Top aide says Democrats will 'never' see Trump tax returns

Acting White House chief of staff Mick Mulvaney, seen in this file photo from December 14, 2018, has said Democrats will 'never' see President Donald Trump's tax returns (AFP Photo/CHIP SOMODEVILLA)

Washington (AFP) - A formal request from a Democratic committee chairman to see six years of Donald Trump's tax returns was forcibly rejected Sunday by a top presidential aide, who said Democrats would "never" see the documents.

Trump is the first US president since Richard Nixon to refuse to divulge his tax information.

Representative Richard Neal, chairman of the House Ways and Means Committee, sparked a contentious battle on Wednesday when he made the request using a little-known provision in the tax code, saying, "It is critical to ensure the accountability of our government and elected officials."

But when Trump's acting chief of staff, Mick Mulvaney, was asked Sunday whether Democrats would ever see the returns, he was unequivocal.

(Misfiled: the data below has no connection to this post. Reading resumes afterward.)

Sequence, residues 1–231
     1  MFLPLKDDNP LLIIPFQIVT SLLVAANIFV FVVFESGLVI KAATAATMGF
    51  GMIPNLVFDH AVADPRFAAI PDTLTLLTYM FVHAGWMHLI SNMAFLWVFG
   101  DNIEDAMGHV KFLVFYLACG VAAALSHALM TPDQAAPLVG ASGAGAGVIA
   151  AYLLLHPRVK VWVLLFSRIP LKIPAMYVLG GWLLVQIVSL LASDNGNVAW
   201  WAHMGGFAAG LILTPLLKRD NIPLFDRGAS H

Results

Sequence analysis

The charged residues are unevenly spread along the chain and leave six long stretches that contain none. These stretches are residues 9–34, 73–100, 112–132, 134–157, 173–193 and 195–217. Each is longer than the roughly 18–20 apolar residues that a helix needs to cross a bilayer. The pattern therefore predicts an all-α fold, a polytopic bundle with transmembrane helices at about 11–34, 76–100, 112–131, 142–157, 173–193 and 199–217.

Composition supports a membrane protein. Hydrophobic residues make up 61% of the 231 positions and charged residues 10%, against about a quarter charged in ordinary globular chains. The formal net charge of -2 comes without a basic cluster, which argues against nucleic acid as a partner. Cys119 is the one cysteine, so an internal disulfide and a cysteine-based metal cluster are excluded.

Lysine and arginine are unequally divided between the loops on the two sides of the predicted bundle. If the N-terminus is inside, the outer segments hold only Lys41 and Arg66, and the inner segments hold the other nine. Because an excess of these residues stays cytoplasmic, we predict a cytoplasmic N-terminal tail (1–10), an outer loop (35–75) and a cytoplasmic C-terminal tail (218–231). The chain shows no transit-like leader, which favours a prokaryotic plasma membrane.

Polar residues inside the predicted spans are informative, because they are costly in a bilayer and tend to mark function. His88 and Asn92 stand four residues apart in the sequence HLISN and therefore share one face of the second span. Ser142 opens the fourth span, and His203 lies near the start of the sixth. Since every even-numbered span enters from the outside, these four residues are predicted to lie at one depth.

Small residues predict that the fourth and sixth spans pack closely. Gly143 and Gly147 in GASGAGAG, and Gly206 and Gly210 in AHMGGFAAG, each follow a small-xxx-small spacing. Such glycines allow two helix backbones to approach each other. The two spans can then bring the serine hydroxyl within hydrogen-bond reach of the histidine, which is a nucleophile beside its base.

"Never," he said on "Fox News Sunday." "Nor should they."

Mulvaney asserted that since voters knew ahead of the 2016 election that Trump would not reveal his returns and then elected him anyway, the matter was "already litigated."

He said that while there are legal provisions for the Internal Revenue Service to turn tax papers over to the Ways and Means Committee -- the chief tax-writing committee in the House -- a "political" attack is not a valid reason.

Separately, Jay Sekulow, a private attorney for Trump, argued that the Democratic-controlled House was trying to move beyond its constitutionally mandated role of oversight into the realm of law enforcement.

If the Democrats want to know "if the IRS is doing its job auditing the president, they could ask the IRS," he said on ABC's "This Week."

"A Ways and Means hearing about IRS enforcement as a way to get to the president's private individual and business tax returns makes no sense, both constitutionally and statutorily," Sekulow said.

But Dan Kildee, a Democratic member of Ways and Means, took strong exception.

"We're looking very carefully as to whether or not the IRS is properly auditing and enforcing tax law on the president of the United States, and we're considering legislative changes toward that end," he said on ABC.

"It's not up to President Trump -- or some lawyer that President Trump hires -- to determine whether or not this co-equal branch of government has the tools available to make the deliberations necessary in order to make policy.

"This is not an autocracy."